Where the accused assassin was laid to rest.
The global coverage of the sad story of Lee Harvey Oswald’s brother suing Baumgardner funeral home for his brother’s coffin demonstrates the enduring public interest in the smallest details of the JFK story.
While custodians of the conventional wisdom in the U.S. media turn up their noses at such fare, the UK’s Daily Mail uses the story to float the notion that Oswald was “in fact a covert U.S. intelligence agent,” a proposition for which there is a good deal of circumstantial evidence.
A friend forwards this CSPAN interview in which retired Washington Post editor Ben Bradlee talks about finding the diary of his sister-in-law Mary Meyer, the mistress of President Kennedy, and how CIA Counterintelligence Chief James Angleton took possession of the diary
Mary Meyer, former JFK mistress, was murdered in Washington DC in October 1964.
British historian John Simkin adds new detail to the story of the diary of JFK’s mistress Mary Meyer.
British historian John Simkin adds important detail to the story of Ben Bradlee and CIA Counterintelligence Chief James Angleton after the assassination of President Kennedy.
I find Simkin to be a credible and knowledgeable writer. If he has made any mistakes, please let me know via email.
In response to Ben Bradlee’s thoughts on JFK’s assassination, a friend asks, “Do you think Bradlee feared tangling with Angleton? Angleton was supposedly livid because Bradlee spread the story that Angleton had lock picked the studio of Mary Meyer [JFK's mistress, slain in October 1964]?”
John Simkin breaks down the mysteries of a key JFK story: Yuri Nosenko and the Warren Report.
Howard Willens, former staff attorney on the Warren Commission, remains one of its most vigorous public defenders 50 years later. As I reported yesterday, he agreed to answer questions from JFK Facts via email. Because all of the questions were submitted at once, there were no follow up questions. In any case, my intent was not to conduct a hostile interrogation but to elicit his thoughts and hopefully start a dialogue. (I found his journal from 1964, which he has posted on his website, to be a valuable document for understanding the limitations of the Commission’s approach to its investigation.)
Now let’s hear from him. Read more
“Jim would prefer to wait out the Commission on the matter covered by paragraph 2…”
— CIA’s Raymond Rocca, writing to Richard Helms regarding counterintelligence chief James Angleton’s desire to stonewall the Warren Commission on certain CIA materials passed to the Secret Service.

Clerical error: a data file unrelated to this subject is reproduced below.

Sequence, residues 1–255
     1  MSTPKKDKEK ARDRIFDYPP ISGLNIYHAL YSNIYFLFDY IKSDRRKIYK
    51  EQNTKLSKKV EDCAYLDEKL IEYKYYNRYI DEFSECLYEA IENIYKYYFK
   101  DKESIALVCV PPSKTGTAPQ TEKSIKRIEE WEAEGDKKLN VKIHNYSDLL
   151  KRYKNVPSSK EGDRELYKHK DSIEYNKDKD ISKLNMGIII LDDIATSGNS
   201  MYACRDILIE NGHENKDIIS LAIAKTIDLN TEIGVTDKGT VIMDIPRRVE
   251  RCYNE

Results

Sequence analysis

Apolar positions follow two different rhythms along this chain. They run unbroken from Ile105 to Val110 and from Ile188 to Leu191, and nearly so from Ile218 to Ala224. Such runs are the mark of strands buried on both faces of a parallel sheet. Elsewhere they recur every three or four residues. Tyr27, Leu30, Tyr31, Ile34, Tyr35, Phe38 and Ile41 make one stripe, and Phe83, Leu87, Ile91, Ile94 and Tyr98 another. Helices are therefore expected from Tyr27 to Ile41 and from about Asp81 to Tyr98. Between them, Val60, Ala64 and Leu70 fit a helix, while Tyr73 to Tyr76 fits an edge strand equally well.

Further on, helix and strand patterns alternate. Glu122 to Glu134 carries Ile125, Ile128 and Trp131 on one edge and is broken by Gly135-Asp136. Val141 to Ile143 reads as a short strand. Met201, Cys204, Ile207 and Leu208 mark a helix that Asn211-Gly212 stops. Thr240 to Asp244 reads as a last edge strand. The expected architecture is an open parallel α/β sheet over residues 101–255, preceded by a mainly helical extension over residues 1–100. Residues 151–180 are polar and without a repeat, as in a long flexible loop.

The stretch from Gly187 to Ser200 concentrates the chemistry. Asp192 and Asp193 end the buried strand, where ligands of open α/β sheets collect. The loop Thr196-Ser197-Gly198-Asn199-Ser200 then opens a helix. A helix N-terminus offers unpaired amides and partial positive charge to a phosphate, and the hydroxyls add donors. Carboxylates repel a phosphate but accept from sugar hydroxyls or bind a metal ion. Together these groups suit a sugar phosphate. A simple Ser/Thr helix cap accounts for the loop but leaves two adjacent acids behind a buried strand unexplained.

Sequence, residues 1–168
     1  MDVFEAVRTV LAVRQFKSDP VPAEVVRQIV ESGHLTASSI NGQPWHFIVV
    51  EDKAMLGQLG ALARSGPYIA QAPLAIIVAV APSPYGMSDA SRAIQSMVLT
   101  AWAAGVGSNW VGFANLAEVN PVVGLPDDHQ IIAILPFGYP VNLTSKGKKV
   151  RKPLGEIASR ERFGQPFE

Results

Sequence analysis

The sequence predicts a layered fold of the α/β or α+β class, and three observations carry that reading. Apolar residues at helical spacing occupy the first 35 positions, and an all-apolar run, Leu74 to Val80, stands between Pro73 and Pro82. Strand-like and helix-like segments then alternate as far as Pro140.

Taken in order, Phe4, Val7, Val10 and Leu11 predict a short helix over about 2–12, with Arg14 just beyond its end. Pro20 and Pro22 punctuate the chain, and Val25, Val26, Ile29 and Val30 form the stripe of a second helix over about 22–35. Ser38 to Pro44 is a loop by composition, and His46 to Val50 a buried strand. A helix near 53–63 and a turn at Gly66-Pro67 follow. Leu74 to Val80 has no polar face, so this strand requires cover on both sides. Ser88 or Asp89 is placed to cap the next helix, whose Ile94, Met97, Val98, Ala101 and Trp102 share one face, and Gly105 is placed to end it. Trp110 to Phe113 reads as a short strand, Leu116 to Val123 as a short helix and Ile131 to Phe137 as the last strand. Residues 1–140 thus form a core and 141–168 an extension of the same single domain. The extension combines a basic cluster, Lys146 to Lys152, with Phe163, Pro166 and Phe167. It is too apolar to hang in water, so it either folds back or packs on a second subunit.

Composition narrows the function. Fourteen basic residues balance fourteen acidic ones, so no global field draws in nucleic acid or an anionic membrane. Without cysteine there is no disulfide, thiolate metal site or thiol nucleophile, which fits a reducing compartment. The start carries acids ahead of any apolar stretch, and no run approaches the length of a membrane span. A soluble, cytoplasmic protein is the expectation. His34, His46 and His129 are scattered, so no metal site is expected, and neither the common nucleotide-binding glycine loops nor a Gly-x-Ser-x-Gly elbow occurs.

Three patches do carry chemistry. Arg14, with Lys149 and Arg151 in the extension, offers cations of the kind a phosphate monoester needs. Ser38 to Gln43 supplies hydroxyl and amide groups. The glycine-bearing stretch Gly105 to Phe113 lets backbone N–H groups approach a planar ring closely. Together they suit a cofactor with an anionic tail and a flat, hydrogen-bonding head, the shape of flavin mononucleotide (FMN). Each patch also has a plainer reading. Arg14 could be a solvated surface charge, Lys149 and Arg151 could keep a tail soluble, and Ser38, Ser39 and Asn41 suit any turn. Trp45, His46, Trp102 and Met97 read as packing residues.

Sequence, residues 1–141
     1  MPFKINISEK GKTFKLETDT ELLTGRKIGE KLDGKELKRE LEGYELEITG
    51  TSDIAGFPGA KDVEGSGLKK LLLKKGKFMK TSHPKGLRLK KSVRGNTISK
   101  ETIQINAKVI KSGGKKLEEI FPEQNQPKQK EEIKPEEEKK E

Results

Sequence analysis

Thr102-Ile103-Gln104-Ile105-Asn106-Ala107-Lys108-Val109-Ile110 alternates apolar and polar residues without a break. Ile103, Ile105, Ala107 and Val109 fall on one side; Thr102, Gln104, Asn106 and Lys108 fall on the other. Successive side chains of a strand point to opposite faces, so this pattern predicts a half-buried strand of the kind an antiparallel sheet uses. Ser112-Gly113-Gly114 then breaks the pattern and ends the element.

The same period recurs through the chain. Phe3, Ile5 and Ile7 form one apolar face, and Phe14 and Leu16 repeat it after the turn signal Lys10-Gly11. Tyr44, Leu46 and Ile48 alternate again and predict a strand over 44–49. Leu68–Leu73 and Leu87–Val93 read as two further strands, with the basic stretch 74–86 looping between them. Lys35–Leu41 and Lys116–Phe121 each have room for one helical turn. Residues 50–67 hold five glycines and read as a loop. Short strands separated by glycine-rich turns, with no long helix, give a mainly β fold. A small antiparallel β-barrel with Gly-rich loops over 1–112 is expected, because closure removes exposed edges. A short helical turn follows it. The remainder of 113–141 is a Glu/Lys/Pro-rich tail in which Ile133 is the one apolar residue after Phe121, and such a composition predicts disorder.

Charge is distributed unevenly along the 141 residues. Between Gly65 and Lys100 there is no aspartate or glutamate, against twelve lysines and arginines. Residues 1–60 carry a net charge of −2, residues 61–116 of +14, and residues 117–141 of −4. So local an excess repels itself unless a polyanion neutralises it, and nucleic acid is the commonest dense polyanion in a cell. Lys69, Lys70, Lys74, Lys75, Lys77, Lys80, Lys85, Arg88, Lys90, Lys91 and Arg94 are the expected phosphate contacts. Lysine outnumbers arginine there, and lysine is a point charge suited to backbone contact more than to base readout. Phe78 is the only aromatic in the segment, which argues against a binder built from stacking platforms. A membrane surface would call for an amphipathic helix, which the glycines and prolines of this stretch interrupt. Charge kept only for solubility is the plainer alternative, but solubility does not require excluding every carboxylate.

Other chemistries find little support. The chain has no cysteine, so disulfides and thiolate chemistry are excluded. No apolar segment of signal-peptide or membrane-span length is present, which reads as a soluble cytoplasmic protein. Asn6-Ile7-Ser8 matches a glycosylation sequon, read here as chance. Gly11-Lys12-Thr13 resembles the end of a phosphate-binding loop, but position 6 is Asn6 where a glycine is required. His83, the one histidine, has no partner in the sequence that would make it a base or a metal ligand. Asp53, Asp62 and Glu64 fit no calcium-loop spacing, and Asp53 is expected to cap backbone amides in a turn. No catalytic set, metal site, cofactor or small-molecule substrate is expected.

The best-read JFK Facts stories in the month of June were: Read more
Howard Willens, Warren Commission defender.
Howard Willens, a former Warren Commission staffer, acknowledged in a an email interview with JFK Facts that deputy CIA director Richard Helms was “not truthful” with the Commission and there is “no doubt” that counterintelligence chief James Angleton did not cooperate with the inquiry into JFK’s assassination.
While vigorously defending the Commission’s conclusions, Willens admitted he was naive about the CIA. Asked about a passage in his journal from March 1964 in which he wrote that senior CIA officials “did not have an axe to grind” in the commission’s investigation, Willens acknowledged “my comments about the CIA were naive to say the least.”
A faithful reader writes with questions about my post on the UNLV conference celebrating New Orleans DA Jim Garrison for his efforts to prosecute a JFK assassination conspiracy
The reader says he is “not aware of evidence that the [CIA's] Counterintelligence staff was ‘secretly trying to subvert his investigation,’” as I wrote in my post.
While the story of Sven Christensen, the senior U.S. Air Force official who saw November 22 as ‘a military coup” remained popular, two stories about CIA Counterintelligence Staff and JFK’s assassination drew strong reader interest as well.
Yuri Nosenko was an officer in the Soviet KGB who defected to the United States in April 1964, shortly after the assassination of JFK. Nosenko said that he had seen the files that the KGB compiled on accused assassin Lee Harvey Oswald in his two and a half year residence in the Soviet Union between 1959 and 1962. The Soviet intelligence service had not recruited or used him as an agent, Nosenko said.
Deputy CIA Director Richard Helms told Chief Justice Earl Warren that he could not vouch for the accuracy of Nosenko’s claims exculpating the KGB. This left open the possibility that Nosenko was a false defector sent by the Soviet Union to obscure its role in JFK’s assassination.
“As a former longtime employee of CIA, I can attest that this book conveys a true picture of the goings on within the agency.”
— From Martha Hanchulak’s review of “Our Man in Mexico: Winston Scott and the Hidden History of the CIA.” My first book describes in lucid detail how the CIA’s top man in Mexico viewed President Kennedy’s assassination in 1963: with deep suspicion.
It’s an epic non-fiction novel of American history.